Small-dollar loan rule harms those who need financing help the most
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In the wake of the Great Recession, Congress passed the Dodd-Frank Wall Street Reform and Consumer Protection Act, which resulted in the formation of the Consumer Financial Protection Bureau (CFPB) — a so-called independent agency intended to help “oversee” the nation’s financial services industry. 

But just as there was once an urgency for government oversight, there is now a growing alarm about an agency that respects no limits on its powers and which threaten to put many Main Street financial institutions out of business, with no proven benefit to consumers.

In particular, the CFPB has set its sights on the small dollar lending industry, which services more than 15 million American households each year with accessible, short-term loans, by proposing regulations aimed at curtailing this critical form of credit. All indications suggest that a rule proposed last year to address payday, vehicle title and certain high-cost installment loans is forthcoming — despite its near-certain devastating impact on small businesses and consumers.


After the 2008 financial meltdown, there was certainly room for additional scrutiny of our financial institutions; but the small dollar lending industry was in no way related to or responsible for the financial crisis. In fact, the CFPB’s attack represents federal government overreach at its worst.


The agency claims it is protecting against “predatory lending,” but the reality is this: Through the proposed small-dollar loan rule, the CFPB will limit or eliminate access to credit for a large number of consumers who can’t take advantage of traditional banking opportunities, hurting the very people who need help the most. What’s more, by taking away access to small dollar loans, many Americans will be left with no choice but the unregulated, underground marketplace.

It isn’t just the industry that says so. In its own initial analysis of the proposal, the CFPB boasted that it would eliminate up to 75 percent of this industry. Those findings were confirmed when the CFPB conducted a Small Business Regulatory Enforcement Fairness Act (SBREFA) panel to determine the impact the regulations would have on small businesses.

A study conducted by Deloitte Financial Advisory Services, as part of the SBREFA process, revealed that of the 170 member locations surveyed, only 14 percent would remain profitable if the rule were to go into effect. Ultimately, all of the employees working in these stores would be at risk of losing their jobs. Small business representatives presented similar compelling reports of harm.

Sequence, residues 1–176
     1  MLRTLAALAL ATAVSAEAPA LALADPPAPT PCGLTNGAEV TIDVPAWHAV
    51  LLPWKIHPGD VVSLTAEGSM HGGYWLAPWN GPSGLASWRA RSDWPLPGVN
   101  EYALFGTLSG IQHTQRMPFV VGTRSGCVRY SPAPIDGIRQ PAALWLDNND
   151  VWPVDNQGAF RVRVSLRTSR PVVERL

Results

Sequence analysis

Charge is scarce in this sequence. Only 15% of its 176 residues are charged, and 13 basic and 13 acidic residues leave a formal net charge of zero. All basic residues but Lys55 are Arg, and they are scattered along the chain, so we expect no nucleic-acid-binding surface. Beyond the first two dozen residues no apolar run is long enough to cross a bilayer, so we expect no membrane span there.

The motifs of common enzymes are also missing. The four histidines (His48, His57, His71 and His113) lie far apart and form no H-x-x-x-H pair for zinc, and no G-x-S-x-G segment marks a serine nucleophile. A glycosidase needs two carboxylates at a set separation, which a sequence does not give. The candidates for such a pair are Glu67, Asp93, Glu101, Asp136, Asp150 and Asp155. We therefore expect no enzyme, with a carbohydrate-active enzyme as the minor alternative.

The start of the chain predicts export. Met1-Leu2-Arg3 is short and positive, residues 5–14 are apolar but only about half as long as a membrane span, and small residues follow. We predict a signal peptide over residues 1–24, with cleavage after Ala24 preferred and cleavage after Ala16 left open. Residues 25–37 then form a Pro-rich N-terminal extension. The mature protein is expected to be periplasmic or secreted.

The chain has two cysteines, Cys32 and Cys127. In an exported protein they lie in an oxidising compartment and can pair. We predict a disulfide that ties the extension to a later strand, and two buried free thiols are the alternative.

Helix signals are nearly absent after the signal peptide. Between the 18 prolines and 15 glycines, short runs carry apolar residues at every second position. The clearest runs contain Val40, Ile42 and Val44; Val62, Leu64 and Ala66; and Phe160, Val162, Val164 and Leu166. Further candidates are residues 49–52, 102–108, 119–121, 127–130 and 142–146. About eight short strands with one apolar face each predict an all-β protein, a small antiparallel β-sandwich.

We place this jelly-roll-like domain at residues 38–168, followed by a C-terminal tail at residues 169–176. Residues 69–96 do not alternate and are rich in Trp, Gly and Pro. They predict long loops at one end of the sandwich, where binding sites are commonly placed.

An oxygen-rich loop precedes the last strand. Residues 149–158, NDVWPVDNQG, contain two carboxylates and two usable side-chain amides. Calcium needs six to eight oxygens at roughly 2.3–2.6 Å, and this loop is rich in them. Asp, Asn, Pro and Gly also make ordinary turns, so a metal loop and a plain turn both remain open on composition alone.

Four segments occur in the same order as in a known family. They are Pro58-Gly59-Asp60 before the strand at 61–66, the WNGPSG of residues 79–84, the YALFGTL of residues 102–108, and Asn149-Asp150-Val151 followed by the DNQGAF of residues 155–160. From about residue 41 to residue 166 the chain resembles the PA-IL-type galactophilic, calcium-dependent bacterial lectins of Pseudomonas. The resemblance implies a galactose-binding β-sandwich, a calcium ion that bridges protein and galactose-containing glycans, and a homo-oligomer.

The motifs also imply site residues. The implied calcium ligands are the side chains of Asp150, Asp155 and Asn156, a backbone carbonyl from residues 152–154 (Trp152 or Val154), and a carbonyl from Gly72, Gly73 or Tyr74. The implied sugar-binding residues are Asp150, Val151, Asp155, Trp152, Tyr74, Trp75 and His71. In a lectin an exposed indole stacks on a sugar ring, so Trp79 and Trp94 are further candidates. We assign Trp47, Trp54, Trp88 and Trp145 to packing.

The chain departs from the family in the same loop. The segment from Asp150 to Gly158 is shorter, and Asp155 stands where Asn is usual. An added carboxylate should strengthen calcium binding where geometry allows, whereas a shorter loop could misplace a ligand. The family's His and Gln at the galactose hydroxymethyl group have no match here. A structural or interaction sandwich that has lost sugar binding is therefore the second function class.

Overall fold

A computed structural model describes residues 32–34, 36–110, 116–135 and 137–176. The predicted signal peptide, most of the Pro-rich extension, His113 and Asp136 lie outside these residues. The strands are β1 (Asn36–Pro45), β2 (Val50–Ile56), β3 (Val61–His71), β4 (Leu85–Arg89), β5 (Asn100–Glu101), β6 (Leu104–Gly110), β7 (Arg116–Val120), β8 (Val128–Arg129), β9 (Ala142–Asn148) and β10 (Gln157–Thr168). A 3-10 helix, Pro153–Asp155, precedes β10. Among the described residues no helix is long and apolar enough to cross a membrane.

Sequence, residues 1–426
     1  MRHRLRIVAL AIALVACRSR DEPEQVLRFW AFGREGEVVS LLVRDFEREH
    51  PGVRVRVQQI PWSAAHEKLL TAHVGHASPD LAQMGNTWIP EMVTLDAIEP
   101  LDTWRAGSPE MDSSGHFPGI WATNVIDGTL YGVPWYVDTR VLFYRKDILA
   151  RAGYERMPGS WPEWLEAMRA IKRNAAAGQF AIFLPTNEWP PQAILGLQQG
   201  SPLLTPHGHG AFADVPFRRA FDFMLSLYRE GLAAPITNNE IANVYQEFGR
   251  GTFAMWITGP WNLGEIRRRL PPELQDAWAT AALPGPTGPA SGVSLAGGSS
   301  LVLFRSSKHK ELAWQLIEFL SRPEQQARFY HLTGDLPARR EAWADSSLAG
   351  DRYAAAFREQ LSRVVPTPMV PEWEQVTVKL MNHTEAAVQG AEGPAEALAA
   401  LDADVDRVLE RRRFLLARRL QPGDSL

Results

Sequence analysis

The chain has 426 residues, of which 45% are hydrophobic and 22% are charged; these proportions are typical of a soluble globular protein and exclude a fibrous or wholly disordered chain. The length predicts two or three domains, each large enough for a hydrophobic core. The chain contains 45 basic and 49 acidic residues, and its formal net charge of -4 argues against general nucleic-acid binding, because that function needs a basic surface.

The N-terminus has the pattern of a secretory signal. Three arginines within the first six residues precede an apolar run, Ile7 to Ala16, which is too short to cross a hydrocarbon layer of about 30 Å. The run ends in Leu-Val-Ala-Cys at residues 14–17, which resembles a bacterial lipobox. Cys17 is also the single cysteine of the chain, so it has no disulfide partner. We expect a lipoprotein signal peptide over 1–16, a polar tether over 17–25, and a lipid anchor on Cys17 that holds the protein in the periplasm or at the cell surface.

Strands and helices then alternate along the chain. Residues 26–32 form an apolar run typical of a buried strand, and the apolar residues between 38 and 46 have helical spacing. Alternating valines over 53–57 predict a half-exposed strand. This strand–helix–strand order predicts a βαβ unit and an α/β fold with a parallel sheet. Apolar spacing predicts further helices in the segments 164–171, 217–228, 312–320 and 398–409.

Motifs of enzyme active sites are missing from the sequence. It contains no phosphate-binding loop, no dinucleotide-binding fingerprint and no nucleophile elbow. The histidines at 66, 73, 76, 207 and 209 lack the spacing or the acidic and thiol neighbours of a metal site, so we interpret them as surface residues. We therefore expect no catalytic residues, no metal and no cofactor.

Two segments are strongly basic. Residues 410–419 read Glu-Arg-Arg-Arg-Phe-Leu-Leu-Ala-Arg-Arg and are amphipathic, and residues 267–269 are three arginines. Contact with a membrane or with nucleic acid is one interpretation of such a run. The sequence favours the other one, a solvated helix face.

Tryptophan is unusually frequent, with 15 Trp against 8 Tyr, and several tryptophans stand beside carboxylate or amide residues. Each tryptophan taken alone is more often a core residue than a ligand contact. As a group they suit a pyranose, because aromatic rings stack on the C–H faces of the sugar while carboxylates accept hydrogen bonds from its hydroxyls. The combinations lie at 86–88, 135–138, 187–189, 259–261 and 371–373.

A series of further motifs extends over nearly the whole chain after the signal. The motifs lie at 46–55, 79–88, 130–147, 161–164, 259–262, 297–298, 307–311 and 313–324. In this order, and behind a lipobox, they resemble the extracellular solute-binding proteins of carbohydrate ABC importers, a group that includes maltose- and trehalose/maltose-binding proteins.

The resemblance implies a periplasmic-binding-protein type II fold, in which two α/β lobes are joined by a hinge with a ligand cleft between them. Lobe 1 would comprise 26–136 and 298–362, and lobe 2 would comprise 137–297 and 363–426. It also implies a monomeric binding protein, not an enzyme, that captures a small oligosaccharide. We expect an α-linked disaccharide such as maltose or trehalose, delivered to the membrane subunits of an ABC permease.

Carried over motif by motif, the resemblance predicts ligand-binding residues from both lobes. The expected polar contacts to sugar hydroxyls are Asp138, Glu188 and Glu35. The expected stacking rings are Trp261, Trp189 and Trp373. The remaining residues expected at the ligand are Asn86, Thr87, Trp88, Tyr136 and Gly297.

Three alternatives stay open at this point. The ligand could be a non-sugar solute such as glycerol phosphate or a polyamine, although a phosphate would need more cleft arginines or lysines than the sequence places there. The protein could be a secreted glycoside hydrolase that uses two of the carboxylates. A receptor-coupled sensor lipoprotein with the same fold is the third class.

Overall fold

In the public comment period, well over one million consumers, joined by academics, state lawmakers and attorneys general, bankers and credit unions also opposed the proposed rule. Nevertheless, the CFPB remains bent on issuing these regulations unchanged.

This go-it-alone strategy by the CFPB hasn’t gone unnoticed. During the comment process, the Obama administration’s own Small Business Administration Office of Advocacy conducted a review of the rule, finding it would “force legitimate businesses to cease operation” and asked the CFPB to reconsider.

In a recent letter to Director Richard Cordray, the Senate Committee on Small Business and Entrepreneurship, citing a 2016 Government Accountability Office report which questioned the CFPB’s “disregard” for the impact of other rules on small businesses, requested an immediate 90-day delay in the promulgation of the rule so that the CFPB could reconduct the SBREFA process and come up with an alternative.

Similarly, the House Small Business Committee Chair Rep. Steve Chabot (R-Ohio) sent a letter to Director Cordray requesting a briefing on how the agency had conducted its review of the impact of the proposed rules on small businesses operating in this market. The CFPB has yet to respond to any of these requests.

While the CFPB claims its rule is necessary to protect consumers, this is simply not the case. The CFPB — purportedly a “data driven” agency — has proposed a rule on faulty statistics, ignored the data showing the likely impact on small business and discounted reams of research establishing the benefits of making regulated credit products available.

Further, the financial service industry is already a highly-regulated marketplace. Every state in the country regulates short-term lenders, and there are more than 12 different federal laws regulating these financial products. Add to this industry self-regulation and consumers’ own good judgment, and it’s clear the CFPB’s rule is a duplicative, overly burdensome jobs-killer.

With so much evidence revealing the detrimental effects of this proposed rule, it’s becoming clear that Director Cordray is motivated not by a desire to protect consumers, but by his own political agenda. Earlier this week, Director Cordray announced his arbitration rule, leaving the small dollar loan rule as his final, uncompleted piece of business before stepping down and, as is rumored, running for governor of Ohio.

The conduct of the CFPB illustrates how unchecked power and disregard for the rule of law will lead to the destruction of regulated businesses and tens of thousands of jobs purely for political reasons. Draining the swamp and restoring constitutionally-limited government starts by calling out when bad politics trump good policy and reigning in the “rogue agency” that is the CFPB.

Edward D’Alessio is Executive Director the Financial Service Centers of America, which represents neighborhood financial service outlets in the United States.

The views expressed by contributors are their own and not the views of the Hill.